Tuesday, September 14, 2010
Winter DX Season 2010
Great mediumwave conditions were apparent three mornings ago (September 11). I'm an early riser, and at 6AM I'm usually on the way to the coffee shop DXing on the truck radio. Of course at that time of the morning it's still very dark out. The sun doesn't rise here until 6:40L. Tuning to 850 KHz at the top of the hour news, I caught a nice full ID from 50KW KOA-850, Denver, CO (1420 miles) at 0605L. The KOA radiator, a single tower located 30 miles to the southeast in Parker, CO, is a skyscraping 667.9 ft. tall, almost a full 5/8 wavelength in height. As advertised, KOA gets out to some 38 states, and probably more. KOA began broadcasting in 1924.
Back in the late 1970s and early 1980s, I lived a mere 10 miles southeast of this transmitter, out in the rolling eastern plains of Colorado near the town of Elizabeth. I worked in Denver, and would drive past this tower every day (or night) on the way to and from work, often seeing mule deer or prong-horned antelope. Coming from the east, a long hill descended down appropriately-named Hilltop Road, ending at Colorado Highway 83 which ran past the tower. Headed to work one night for the graveyard shift during a blizzard, at midnight I remember becoming disoriented in the whiteout and losing control while descending that hill, shooting straight across highway 83 and through a barbed wire fence, coming to rest in the field right next to the KOA tower. Ah, memories.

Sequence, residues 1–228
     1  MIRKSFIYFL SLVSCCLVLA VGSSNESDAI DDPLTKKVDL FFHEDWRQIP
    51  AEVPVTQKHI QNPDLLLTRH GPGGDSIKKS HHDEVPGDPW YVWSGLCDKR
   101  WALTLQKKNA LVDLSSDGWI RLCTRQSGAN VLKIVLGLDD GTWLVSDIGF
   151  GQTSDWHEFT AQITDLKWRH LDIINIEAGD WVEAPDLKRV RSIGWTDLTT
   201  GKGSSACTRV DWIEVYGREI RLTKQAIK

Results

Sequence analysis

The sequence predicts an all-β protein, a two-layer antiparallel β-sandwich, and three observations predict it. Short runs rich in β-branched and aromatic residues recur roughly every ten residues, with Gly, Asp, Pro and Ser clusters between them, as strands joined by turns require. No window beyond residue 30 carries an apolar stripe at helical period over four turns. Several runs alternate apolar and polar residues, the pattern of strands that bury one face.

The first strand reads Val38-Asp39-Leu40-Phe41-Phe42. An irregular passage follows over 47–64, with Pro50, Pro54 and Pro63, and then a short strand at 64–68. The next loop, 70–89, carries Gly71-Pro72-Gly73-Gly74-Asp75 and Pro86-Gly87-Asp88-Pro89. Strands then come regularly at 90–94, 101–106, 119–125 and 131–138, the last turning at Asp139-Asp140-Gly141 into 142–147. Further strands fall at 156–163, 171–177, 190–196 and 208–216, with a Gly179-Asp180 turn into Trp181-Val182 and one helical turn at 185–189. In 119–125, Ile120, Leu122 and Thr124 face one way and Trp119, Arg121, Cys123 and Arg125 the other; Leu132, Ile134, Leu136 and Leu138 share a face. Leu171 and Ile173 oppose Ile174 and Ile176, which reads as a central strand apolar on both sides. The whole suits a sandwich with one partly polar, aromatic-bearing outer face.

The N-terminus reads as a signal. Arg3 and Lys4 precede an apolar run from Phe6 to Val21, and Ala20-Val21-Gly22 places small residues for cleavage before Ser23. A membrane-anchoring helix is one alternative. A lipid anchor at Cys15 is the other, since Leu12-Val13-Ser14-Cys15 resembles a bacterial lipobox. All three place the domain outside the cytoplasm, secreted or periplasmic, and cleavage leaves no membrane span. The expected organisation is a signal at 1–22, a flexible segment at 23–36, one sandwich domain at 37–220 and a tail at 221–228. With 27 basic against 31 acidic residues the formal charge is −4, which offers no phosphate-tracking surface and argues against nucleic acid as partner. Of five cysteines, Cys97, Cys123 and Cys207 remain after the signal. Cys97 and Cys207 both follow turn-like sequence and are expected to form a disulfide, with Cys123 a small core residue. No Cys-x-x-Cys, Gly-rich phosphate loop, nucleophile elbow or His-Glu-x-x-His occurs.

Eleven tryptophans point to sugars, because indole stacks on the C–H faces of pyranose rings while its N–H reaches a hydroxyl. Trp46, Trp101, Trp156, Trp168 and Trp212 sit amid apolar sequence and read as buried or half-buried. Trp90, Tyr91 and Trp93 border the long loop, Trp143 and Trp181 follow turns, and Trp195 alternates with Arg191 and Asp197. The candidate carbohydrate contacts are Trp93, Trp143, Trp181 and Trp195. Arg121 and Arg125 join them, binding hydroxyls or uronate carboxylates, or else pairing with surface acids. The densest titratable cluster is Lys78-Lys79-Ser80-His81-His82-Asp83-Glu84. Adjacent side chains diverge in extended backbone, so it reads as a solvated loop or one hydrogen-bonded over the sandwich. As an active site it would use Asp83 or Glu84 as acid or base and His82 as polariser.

KOA is a tough catch here in western New York with nighttime interference from sports stations WKGE-850, Johnstown, PA (10KW), at 199 miles, and WKNR-850, Cleveland, OH (4.7KW), at 235 miles. Interestingly, on my cross country trip each year I start to hear KOA at night consistently once I get west of Ohio and into Indiana, and under the 1200 mile distance range. I find there's something brick-wallish about that 1200 mile distance in mediumwave DXing.
WWL-870, New Orleans, LA (50KW), 1136 miles, is also appearing almost daily on the 6AM trip. WWL has a two tower antenna array, oriented south-north with major lobes to the northwest, and northeast. The northeast lobe points directly at me. Each of WWL's towers is a full 1/2 wavelength tall. With 3.3 dB gain in my direction, it pumps a healthy effective radiated power of 106KW right up a pipeline to New York. WWL's transmitters are located approximately 2 miles southwest of Estelle, LA, in the Jean Lafitte Preserve, a wetlands. All that water undoubtedly helps too. WWL has been in operation since 1922, predating KOA by two years.
Apparently the winter DX season is upon us once again.